The sculpture, in fact, ultimately represents Fate and Justice, both of which loom over the Don from that violent yet cavalier opening scene. The whole setting may be a little abstract for many tastes, but it seemed more than consistent with this famous opera’s intended moral and theme.
Operas involve much more than settings, however, and it’s the singing that counts in the end. Fortunately, this “Giovanni” boasted a strong and able cast of singer-actors who fleshed out the abstraction of its strangely effective yet antiseptic setting.
At the top of his game was bass-baritone Daniel Okulitch as the opera’s anti-hero. Rough, tough and without any apparent moral compass at all, Mr. Okulitch’s Don is a swashbuckling man with a mission: to bed any and all females he encounters whether married or not. He’ll threaten violence at the drop of a hat, and it’s only the invulnerable ghost of a murdered man that’s finally able to do him in.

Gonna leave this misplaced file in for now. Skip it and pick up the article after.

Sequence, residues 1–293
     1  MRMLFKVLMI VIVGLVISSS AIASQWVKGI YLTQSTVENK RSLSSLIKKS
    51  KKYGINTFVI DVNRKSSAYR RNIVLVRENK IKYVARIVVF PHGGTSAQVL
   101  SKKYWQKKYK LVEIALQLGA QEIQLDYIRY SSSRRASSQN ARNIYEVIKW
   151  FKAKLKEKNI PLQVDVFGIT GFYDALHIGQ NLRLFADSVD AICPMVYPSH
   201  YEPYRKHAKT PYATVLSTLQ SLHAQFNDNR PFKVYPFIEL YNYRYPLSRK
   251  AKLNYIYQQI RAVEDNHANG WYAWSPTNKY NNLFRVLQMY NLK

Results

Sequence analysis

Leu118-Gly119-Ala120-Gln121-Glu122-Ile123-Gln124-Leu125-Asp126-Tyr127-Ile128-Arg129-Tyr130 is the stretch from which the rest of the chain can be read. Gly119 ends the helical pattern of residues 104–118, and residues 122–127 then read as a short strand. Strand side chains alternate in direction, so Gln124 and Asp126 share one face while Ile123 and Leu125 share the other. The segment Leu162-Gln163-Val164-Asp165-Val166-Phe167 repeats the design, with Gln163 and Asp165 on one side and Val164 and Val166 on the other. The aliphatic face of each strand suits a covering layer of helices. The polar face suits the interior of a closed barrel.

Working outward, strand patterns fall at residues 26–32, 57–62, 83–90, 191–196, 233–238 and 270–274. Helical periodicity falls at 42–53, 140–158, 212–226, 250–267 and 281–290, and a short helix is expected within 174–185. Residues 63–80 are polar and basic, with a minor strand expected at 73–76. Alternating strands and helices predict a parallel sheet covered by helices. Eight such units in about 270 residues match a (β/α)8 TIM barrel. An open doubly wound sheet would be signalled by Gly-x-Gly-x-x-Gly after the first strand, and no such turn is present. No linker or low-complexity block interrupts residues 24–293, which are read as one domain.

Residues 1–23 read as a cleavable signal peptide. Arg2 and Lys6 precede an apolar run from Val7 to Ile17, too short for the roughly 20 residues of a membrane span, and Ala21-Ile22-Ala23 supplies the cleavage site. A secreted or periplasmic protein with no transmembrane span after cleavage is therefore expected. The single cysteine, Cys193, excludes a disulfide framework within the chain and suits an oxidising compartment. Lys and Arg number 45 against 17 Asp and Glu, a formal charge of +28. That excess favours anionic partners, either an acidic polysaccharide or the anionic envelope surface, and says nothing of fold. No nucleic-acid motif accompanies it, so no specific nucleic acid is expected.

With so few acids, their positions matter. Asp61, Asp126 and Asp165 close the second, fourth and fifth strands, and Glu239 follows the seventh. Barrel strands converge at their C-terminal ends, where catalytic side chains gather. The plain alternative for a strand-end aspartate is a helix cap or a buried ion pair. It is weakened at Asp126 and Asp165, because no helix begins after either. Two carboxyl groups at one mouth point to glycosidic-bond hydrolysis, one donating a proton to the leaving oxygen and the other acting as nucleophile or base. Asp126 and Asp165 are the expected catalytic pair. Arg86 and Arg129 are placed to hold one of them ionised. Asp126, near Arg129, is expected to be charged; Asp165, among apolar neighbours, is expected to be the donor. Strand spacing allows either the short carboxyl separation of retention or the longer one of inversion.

Mr. Okulitch’s athletic portrayal of Giovanni, along with his sharply cutting and authoritative voice made him the perfect, seemingly invulnerable foil to the opera’s remaining characters.
As his sidekick, Leporello, bass-baritone Kyle Ketelsen provided the comic relief. Granted, we’ve seen more cunningly slapstick portrayals of this beloved character in other productions. But Mr. Ketelsen seemed keen to be at his vocal best—which he was, articulating his lines superbly and with great attention to detail in a most admirable performance.
Soprano Keri Alkema was a warm, but at times somewhat tentative Dona Elvira. Her vocal work and ornamentation was lovely. But somehow, at least for us, she was far too easily re-seduced by Giovanni, who’d callously tossed her aside like all the others despite her clearly abiding love for him.
Soprano Leah Crocetto’s vengeful Donna Anna was more punchy and effective vocally, although her widow’s weeds (or actually, daughter’s weeds) made for a rather lugubrious setting on an already dark and ominous stage. Her constantly frustrated fiancé, Don Ottavio, is usually at her side vowing to help her avenge her father, the Commendatore’s death. Though Ottavio is far from Mozart’s most convincing character, tenor Edgaras Montvidas gave him as good a go as we’ve heard in quite some time which gave this production a lift when it was needed.